Despite the technological and medical challenges, NASA is betting on taking men to Mars in a 25-year period, according to retired astronaut Tom J. Jones, who traveled space on various missions.
"With current budgets, or something higher, it will take about 25 years to solve these challenges," he explained at a press conference in Washington. He added: "We need to start now with certain key technologies."
NASA's former astronaut, Tom Jones, at a press conference at the National Press Club in Washington. (AFP)
At about 225 million kilometers, Mars poses a greater challenge than Apollo's missions to the moon.
With existing technology today, an astronaut will take up to nine months to reach Mars, And the physical cost of floating so much zero gravity will be enormous.
For example, scientists believe that this can cause irreversible changes in blood vessels of the retina, which will lead to degradation of vision. In addition, after zero gravitational time, the skeleton will begin to lose calcium tissue and bone tissues.
NASA's Goddard Space Center Chief Scientist, James Gavin, was present at the conference.
With the gravity of only one-third relative to that of the Earth, Experts are still unaware of the effects of a one-year mission on the surface of Mars. One of the ways to reduce the damage to the human body is Significantly reduce travel time to the red star.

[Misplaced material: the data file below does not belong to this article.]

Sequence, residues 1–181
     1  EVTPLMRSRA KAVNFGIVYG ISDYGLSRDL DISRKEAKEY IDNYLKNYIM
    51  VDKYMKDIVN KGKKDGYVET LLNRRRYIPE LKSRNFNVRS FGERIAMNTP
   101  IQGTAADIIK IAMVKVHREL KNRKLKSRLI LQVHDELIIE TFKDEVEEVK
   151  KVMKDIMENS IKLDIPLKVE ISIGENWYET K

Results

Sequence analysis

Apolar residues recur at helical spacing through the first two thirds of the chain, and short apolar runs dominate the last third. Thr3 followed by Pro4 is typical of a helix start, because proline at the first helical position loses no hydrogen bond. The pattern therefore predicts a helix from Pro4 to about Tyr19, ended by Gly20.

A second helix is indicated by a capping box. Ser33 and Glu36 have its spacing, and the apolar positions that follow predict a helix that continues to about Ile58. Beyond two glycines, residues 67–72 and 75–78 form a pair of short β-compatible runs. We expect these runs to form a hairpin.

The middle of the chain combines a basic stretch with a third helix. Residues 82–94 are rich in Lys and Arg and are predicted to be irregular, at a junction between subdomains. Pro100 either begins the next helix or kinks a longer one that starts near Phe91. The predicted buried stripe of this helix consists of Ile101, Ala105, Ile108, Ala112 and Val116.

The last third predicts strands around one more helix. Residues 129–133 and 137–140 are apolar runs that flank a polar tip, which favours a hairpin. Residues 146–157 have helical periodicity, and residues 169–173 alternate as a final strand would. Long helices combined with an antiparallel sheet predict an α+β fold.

Jones believes that nuclear propulsion systems will be of further benefit to the energy production on flights. "If we start now, in 25 years we can get available technologies to help protect ourselves from these long hours," he said.
Under today's conditions, one leg of the trip to Mars will take so long that an astronaut will receive the same amount of radiation considered safe during his career. "We still do not have the solution in terms of safety, in terms of protection against cosmic rays and solar flares that the astronaut was exposed during this transition," explained Jones.
Experts have identified a number of technologies that must be developed rapidly, including A ship that can resist The difficult entry into Mars and landing quietly, and the ability to return passengers to Earth.
NASA has a new robotic landing module Insight He is heading for Mars, where he will land on November 26 after taking off from California on May 5.
The $ 993 million project aims to expand knowledge of the conditions on Mars to send researchers, and to discover how rocky planets like Earth were formed billions of years ago.
In 2020, another NASA mission will send a vehicle to this planet to determine adaptation to the Martian environment, look for signs of ancient life, and assess the natural resources and dangers of future researchers.